Although educators say the law sends a message of support for bilingual education, that last criteria is one part of what has some concerned.

“It allows for proficiency in a world language to be established solely by completing four years of high school language classes,” said Jorge Garcia, executive director of the Colorado Association for Bilingual Education. “Language classes in one school district may have a different degree of rigor than they do in another.”

The second language criteria should be comparable to the English criteria, several educators said. In the requirements set by Denver, Eagle County and Adams 14, students must at a minimum demonstrate language proficiency through a test score, or in some cases with a portfolio review and interview if a test is not available.

The three districts also catered their requirements based on what each community said was important. In Adams 14 and in Eagle schools, students must perform community service using their language skills. Students also have to do an interview in both languages with a community panel.

“Our school district team developed the community service criteria because we wanted our kids to have authentic practice in their languages,” said Jessica Martinez, director of multilingual education for Eagle County Schools. “We also wanted students to be a bridge to another community than their own. For example, one group of students created academic tutoring services for their peers who don’t yet speak a lot of English. Another student started tutoring her mom and her parents’ friends so they could get their GED.”

The state law doesn’t require students to do community service. But it does allow school districts to go above the state’s requirements when setting up their biliteracy programs.

“Thoughtful school districts can absolutely address these concerns,” Garcia said.

Several school districts in the state are looking to start their own programs. In March, the school board for the Roaring Fork School District in Glenwood Springs voted to start offering the seal. Summit School District also began offering the seal this year.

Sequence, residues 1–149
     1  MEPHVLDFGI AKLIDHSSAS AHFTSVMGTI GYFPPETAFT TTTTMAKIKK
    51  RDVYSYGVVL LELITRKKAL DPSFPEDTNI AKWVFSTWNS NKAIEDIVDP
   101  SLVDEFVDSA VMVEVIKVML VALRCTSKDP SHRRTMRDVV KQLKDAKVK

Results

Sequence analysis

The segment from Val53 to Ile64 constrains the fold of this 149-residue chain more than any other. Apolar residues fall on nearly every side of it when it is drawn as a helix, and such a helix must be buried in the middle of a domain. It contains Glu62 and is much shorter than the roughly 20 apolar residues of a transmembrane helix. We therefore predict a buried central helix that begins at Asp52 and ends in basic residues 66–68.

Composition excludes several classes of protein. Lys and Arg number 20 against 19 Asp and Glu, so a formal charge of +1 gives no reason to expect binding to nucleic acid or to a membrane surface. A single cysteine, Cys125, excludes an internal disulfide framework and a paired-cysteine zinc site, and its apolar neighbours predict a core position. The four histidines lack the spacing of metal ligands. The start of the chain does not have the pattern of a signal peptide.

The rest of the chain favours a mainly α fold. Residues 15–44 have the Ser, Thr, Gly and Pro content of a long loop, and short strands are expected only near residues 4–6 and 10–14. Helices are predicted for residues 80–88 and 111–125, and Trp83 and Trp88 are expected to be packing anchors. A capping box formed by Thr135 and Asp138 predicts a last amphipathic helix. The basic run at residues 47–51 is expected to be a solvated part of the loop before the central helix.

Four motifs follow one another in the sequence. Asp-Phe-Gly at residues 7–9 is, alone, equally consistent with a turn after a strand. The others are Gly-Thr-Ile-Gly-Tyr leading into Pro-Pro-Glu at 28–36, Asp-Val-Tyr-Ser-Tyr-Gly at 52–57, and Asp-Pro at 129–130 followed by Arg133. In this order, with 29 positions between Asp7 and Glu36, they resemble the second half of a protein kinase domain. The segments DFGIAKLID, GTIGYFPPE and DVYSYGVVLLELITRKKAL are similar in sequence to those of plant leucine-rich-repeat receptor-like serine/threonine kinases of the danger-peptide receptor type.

Leslie Davison, the dual language coordinator for Summit, said that although her program will change in the next year as she forms more clear requirements around some new tests, she will continue to have higher requirements than the state has set.

This year her students had prove proficiency in their second language by taking a test in that language. They also had to demonstrate English proficiency through the ACT. In addition, students did oral presentations to the community in both languages.

“Their expectations aren’t as high as mine are,” Davison said. “We’ll probably stay with our higher-level proficiencies. I do have some work to do in terms of how that’s going to look for next year, but I certainly don’t want to just use seat time.”

Meanwhile, the districts that started the seal are increasing their commitment to biliteracy so as many students as possible can be eligible to earn seals in the future.

The Adams 14 school district in Commerce City is using Literacy Squared, a framework written by local researchers for teaching students to read English by strengthening literacy in the native language. The program is being rolled up year by year and will serve students in 34 classrooms from preschool through fourth grade in the fall.

In Eagle County, Martinez said parents have shown such a strong demand for biliteracy that most elementary schools are now dual language schools providing instruction to all students in English for half of the school day and in Spanish for the other half.

Both districts are also increasing the offerings of language classes in middle and high school. The options are important for students who are native English speakers so they too can become bilingual and access the seal. For students whose primary language is not English, the classes can help ensure they don’t lose their primary language as they learn English.

Of Eagle’s 25 students who graduated with a seal of biliteracy this year, 17 were native Spanish speakers and eight were native English speakers.

“We want all kids to see their bilingualism is an asset,” Martinez said. “It’s huge for them.”